Filipino students pen poetry, letters for cancer patients - GulfToday

Filipino students pen poetry, letters for cancer patients


Dr Sharon Mendoza lectures on cancer and her journey as a patient on treatment before Grade 12 students of Alfiah Filipino Private School in Sharjah. Kamal Kassim/Gulf Today

Mariecar Jara-Puyod, Senior Reporter

Four hand-written letters, four poems and four sketches, composed within 30 minutes, had been packed and are on their way for distribution to cancer patients in the UAE.

Fact is, one of the poems is scheduled to be given to a gynaecologist in Abu Dhabi diagnosed with colon cancer a fortnight back. 

“Hope” by Renz Macawile goes this way: “Rise, for there is hope/Whenever you feel alone/Remember to always cope/To every difficult situation…No one can ever put you down/If you always keep your faith/Someone will always be around/To help you lift your feet…This is what I tell you my friend/Be strong, and be brave/Life is a continuous challenge/God is always there until the end.”

Macawile was among the 37 Grade 12 students—12 girls and 25 boys—of the Al Alfiah Filipino Private School who attended the lecture-workshop on breast cancer held at the Skyline University College (SUC) in University City, Sharjah on Thursday morning.

Macawile beamed a smile when Gulf Today informed him of the choice by SUC assistant professor Dr Karamath Ateeq.

Ateeq happened to drop by at the venue and in a conversation with lecture-workshop speaker/facilitator Dr Sharon Mendoza, her colleague, got to know of the compositions.

Ateeq, holding the quarter of a pink cartolina in which Macawile scribbled his thoughts, said such gestures of concern and poetry must be encouraged: “This definitely is not only for my sister but for our entire family.”

The idea of creating positivity out of the wrathful Big C has become Mendoza’s advocacy.

Mendoza is a breast cancer patient continuing treatment—this time undergoing Zometa Chemotherapy for bone protection and strengthening at the NMC Specialty Hospital in Abu Dhabi, after the completion of her six-month chemotherapy/radiotherapy sessions, since attacked with the curable disease three years ago.

The assistant professor has been sharing her journey and personally penning letters of encouragement to fellow cancer patients since.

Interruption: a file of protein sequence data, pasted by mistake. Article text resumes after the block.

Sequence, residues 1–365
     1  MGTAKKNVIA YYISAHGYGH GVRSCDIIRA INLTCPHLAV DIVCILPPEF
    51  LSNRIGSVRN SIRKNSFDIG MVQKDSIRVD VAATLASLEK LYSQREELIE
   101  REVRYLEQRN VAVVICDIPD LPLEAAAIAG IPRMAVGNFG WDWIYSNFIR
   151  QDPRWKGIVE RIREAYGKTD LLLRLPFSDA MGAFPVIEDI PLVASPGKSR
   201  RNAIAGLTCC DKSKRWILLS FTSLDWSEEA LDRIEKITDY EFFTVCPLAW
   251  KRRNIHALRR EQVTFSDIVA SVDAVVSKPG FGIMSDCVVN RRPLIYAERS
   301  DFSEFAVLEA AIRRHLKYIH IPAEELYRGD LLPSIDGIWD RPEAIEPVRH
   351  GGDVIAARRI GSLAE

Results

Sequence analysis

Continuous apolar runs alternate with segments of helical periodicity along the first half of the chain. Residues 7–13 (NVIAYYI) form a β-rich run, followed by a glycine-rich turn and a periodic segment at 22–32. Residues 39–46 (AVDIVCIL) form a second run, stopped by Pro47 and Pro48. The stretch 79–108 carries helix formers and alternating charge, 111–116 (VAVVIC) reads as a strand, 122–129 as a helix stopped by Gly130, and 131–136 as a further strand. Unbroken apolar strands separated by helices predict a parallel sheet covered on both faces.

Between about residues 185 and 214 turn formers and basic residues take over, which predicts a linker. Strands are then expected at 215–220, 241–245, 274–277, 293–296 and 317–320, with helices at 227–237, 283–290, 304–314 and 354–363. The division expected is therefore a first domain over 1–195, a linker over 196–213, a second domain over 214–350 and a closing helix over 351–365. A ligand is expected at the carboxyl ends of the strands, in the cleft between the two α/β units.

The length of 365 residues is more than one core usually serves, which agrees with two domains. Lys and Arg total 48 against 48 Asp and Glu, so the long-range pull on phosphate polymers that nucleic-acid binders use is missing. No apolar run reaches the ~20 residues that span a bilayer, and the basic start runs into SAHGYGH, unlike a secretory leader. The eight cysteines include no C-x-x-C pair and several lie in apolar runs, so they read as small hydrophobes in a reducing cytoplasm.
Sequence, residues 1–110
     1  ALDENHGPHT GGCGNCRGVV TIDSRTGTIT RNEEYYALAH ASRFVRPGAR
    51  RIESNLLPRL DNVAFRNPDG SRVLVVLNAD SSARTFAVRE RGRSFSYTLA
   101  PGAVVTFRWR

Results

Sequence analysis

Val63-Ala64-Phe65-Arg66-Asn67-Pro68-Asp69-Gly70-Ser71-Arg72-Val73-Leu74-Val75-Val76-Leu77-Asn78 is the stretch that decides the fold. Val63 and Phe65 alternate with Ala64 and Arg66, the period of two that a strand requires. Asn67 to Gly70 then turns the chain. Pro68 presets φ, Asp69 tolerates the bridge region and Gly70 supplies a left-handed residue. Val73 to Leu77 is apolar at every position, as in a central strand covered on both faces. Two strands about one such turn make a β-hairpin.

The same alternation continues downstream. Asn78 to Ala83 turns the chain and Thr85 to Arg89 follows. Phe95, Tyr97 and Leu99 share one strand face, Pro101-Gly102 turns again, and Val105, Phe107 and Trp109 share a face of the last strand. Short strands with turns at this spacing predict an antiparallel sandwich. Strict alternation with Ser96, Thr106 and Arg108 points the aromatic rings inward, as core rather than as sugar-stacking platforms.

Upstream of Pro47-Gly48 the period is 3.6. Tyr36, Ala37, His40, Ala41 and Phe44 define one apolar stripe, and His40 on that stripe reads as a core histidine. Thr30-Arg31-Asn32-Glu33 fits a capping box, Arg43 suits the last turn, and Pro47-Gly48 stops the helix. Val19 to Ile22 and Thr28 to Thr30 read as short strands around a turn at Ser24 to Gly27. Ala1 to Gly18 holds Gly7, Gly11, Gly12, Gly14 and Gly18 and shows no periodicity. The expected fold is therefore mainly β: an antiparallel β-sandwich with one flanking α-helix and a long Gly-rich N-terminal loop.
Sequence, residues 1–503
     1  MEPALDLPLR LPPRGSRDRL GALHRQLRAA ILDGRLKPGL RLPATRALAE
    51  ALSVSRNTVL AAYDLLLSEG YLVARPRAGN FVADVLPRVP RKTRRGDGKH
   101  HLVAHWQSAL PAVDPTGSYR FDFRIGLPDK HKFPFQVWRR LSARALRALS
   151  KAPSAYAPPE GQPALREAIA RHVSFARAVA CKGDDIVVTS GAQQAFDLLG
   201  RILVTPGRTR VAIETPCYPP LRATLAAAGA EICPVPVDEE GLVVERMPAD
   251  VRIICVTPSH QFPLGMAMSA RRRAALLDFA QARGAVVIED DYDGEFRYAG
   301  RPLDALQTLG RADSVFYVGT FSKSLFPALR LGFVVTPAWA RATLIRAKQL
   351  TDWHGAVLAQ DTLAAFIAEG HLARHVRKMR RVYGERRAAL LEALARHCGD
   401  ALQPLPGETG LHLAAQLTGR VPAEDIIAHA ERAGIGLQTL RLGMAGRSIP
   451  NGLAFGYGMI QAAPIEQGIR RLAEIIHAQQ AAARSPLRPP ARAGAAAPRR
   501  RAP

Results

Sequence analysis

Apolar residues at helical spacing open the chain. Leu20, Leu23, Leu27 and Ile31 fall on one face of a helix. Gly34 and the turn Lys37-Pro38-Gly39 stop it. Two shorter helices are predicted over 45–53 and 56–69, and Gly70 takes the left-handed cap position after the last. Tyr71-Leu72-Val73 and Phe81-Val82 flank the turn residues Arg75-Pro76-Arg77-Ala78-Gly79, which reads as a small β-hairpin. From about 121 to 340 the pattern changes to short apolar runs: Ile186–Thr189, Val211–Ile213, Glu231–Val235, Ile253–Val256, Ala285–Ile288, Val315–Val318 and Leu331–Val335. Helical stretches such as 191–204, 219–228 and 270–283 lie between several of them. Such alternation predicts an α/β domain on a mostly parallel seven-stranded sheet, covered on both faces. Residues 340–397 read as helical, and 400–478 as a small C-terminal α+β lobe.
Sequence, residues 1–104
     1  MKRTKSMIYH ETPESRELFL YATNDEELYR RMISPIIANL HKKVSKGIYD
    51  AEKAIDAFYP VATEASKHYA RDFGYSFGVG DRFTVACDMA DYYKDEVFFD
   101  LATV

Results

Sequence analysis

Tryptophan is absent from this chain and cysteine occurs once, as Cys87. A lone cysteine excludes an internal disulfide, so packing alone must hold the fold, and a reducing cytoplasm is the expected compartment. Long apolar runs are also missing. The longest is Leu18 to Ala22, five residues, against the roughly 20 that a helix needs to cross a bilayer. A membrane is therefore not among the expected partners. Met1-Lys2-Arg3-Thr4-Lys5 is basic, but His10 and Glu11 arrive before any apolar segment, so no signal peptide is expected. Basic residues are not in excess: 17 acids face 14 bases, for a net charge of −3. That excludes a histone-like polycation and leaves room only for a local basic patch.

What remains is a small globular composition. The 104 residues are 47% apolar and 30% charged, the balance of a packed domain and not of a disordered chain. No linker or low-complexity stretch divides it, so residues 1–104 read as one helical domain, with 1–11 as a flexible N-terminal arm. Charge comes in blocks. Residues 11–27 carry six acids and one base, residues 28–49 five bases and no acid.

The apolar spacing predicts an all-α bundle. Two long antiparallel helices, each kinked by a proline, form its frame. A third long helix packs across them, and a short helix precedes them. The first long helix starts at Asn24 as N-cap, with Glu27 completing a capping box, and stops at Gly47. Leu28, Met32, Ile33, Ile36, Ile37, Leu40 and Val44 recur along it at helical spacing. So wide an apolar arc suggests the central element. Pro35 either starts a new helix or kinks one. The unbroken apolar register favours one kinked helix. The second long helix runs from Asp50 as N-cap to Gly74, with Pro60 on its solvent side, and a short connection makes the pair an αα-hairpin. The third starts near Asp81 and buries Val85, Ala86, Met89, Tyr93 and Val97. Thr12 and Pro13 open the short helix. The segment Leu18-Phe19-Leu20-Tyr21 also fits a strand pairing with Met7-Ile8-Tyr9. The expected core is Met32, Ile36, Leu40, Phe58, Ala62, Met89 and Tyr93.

The trigger to even involve the youth, not only talk about facts and figures on breast cancer, yet make the advocacy more far-reaching, happened, when on one of her medical trips to the capital, Mendoza got the chance to talk with a fellow Filipina who had contemplated committing suicide twice.

Mendoza, advised not to drive as her current medications may result in involuntary muscle movements, recalled they were both waiting for the Sharjah-bound bus when she noticed her “kababayan” talking and grumbling to herself.

Mendoza learnt the Filipina was going through some family issues: “She told me: ‘You have cancer. You want to live. I am alive. I want to die. I already tried twice to end my life.”

Her “kababayan” expressed gratefulness when they parted ways in Sharjah after reading Mendoza’s “ready letter of encouragement.”

On Thursday, Mendoza expressed gratitude to the SUC management in the forefront of outreach programmes against breast cancer.

Students Affairs dean Dr Osama Thawaleh said the talks led by Mendoza and for this year put in-charge was lecturer Dr Taleb Eli, has been a yearly SUC commitment: “This is a preventive measure. (The youth) should not be left out.”

Assistant professor Dr Kaku Agha said: “We do believe that students are good at learning fast. We hope that with this session, you (the students) can save yourself and your family members.”  

Mendoza’s lecture was a combination of research papers from international bodies, on Filipinos being pre-disposed to cancer as a result of their genetic links to the Austronesian/Malayo-Polynesian ethnicities, her published research paper on the Philippine cultural factors on cancer co-authored with her daughter Jeconiah Loius Dreisbach, an easy- to-understand cancer video clip.

The short films on two Caucasian girls, ages 18 and eight, brought goosebumps to the young audience, especially that the latter had undergone radical breast mastectomy.

These were the basis of the extemporaneous speech segment that saw the excellence of four male students, instantly rostered for the contest and  asked to speak on randomly thought of topics, threshed from the lecture and the argument on whether the youth are a force to reckon with.

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